Kate Walbert, May 26, 2015
The Sunken Cathedral started out as stories that began to grow together. Years ago, I consciously set out to write “place stories.” I’d think of somewhere I’d been and then try to capture more the feel of the place in a story rather than anything else. These stories became my first book, Where She Went. I believe I unwittingly did the same thing with The Sunken Cathedral. I lived in Chelsea for twelve years and moved to a different neighborhood only a few years ago. Once I moved out, I was better able to view where I’d been—but, like my place stories, it’s a novel of impressions, not an attempt at a realistic portrait. I’m after the feel of this neighborhood, or how I experienced it through the transformation of New York in the early twenty-first century.
The street and the people on the block where I lived in Chelsea from 2000 to 2012 may have inspired the characters of The Sunken Cathedral, but that’s where the “truth” of the novel ends—in fact, not knowing anyone’s “real” story allowed me to imagine ones that felt much more organic and truthful to the novel. The Sunken Cathedral renders a particular moment in time—possibly now, or in the near future—in a place moving at warp speed. For a while I fought the introduction of footnotes, but they seemed to best mimic our increasingly fractured consciousness and interrupted attentions—both visually and narratively.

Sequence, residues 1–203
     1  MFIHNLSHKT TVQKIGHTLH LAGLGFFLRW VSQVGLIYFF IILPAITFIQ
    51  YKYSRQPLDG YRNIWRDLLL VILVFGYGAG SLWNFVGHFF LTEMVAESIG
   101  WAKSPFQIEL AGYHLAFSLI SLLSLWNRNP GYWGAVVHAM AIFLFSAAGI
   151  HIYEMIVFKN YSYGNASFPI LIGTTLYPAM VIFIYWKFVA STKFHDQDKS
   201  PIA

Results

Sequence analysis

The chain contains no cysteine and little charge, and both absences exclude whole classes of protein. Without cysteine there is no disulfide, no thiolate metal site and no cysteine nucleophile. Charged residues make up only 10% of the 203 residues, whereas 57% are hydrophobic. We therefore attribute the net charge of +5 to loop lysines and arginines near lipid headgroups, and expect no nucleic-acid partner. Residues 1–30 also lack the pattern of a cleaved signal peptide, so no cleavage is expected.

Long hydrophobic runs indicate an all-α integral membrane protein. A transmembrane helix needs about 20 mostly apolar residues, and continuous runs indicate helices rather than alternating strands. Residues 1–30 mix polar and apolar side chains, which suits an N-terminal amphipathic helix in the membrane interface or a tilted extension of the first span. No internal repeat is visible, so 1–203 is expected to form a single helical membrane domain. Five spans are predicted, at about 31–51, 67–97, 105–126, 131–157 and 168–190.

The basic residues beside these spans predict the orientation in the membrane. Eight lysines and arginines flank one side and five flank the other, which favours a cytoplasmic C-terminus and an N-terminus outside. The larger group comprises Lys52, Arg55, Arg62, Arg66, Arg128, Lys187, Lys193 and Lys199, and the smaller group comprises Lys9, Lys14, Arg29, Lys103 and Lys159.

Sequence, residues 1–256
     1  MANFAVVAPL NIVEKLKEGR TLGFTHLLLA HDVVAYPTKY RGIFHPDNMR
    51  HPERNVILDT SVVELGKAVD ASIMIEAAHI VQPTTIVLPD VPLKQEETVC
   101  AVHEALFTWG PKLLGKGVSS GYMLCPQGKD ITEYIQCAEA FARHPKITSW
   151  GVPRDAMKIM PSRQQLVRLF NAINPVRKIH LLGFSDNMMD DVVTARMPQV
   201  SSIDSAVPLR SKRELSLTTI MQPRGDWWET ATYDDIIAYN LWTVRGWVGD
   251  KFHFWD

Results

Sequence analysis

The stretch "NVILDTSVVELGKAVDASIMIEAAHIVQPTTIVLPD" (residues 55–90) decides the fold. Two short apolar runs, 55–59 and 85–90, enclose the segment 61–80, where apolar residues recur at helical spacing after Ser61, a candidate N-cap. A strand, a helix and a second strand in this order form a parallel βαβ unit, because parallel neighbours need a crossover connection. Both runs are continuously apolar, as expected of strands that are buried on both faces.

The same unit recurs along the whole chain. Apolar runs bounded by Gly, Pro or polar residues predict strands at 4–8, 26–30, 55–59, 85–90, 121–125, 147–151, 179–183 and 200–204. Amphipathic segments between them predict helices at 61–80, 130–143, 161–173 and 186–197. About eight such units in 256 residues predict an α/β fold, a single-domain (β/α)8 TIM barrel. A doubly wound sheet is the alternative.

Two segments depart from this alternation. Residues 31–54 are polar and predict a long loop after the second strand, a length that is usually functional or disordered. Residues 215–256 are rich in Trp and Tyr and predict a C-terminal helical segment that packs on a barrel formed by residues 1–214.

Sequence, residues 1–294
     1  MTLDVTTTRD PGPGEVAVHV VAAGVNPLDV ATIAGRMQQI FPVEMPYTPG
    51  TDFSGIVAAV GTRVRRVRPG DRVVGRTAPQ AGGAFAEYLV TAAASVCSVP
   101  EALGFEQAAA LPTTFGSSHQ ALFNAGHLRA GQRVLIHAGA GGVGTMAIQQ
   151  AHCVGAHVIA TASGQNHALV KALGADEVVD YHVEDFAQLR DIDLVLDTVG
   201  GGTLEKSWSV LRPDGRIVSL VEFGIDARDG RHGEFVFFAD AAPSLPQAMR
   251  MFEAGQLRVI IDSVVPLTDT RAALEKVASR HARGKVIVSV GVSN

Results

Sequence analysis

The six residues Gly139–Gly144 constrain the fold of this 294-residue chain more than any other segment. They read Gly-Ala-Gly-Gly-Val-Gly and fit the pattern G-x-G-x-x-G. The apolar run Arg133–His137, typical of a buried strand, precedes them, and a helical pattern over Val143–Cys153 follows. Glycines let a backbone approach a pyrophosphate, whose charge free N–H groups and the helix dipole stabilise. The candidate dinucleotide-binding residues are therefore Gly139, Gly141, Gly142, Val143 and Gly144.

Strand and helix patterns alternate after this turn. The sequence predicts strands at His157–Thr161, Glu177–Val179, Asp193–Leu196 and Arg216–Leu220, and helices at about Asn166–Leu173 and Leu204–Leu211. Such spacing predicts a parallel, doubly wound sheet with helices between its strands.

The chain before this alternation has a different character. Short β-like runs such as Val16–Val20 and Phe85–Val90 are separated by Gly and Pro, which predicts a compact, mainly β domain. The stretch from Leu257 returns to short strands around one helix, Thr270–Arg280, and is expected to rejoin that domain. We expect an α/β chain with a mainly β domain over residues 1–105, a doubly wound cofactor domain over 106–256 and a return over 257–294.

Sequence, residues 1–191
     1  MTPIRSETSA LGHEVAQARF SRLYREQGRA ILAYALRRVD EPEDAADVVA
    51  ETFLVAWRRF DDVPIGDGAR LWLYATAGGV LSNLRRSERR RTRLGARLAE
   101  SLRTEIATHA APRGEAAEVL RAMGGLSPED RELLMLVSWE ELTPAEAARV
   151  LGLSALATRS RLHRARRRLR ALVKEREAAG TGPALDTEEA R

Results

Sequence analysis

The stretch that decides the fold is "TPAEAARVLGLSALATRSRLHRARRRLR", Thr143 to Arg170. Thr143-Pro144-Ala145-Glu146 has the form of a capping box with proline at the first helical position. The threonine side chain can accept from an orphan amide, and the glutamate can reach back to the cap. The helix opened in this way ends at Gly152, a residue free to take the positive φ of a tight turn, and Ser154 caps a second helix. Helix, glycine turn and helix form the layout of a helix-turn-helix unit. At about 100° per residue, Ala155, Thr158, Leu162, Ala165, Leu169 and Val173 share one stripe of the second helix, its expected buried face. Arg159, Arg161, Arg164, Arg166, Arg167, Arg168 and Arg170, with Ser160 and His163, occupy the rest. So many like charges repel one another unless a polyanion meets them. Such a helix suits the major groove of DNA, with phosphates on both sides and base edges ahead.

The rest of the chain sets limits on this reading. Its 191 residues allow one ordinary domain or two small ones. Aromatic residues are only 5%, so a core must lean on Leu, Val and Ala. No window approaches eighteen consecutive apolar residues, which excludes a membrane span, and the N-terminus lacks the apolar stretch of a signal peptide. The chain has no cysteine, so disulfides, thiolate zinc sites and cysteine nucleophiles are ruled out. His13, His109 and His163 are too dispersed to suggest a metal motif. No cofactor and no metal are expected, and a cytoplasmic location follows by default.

The title refers to a Debussy prelude, “La cathédrale engloutie,” inspired by the medieval legend of the lost City of Ys (off the Breton coast), a fabled city destroyed by a tempest. I would never have known of the legend, or the prelude for that matter, if not for my best friend’s mother, Jane. For more than twenty years, Jane took daily painting classes at the National Academy. There, long before any talk of global warming or extreme weather, she completed a watercolor of several Manhattan landmarks underwater. When my two octogenarian characters wandered into a painting class, I very loosely based one of their classmates on Jane, or rather the subject of her work—Manhattan underwater. It wasn’t until years into the writing of the book that I had the opportunity to mention this to Jane, and when she then filled me in on why she called it The Sunken Cathedral, the background story of the Breton legend and Debussy’s prelude, suddenly, as in the moment you find the last piece of the jigsaw puzzle, everything fit into place.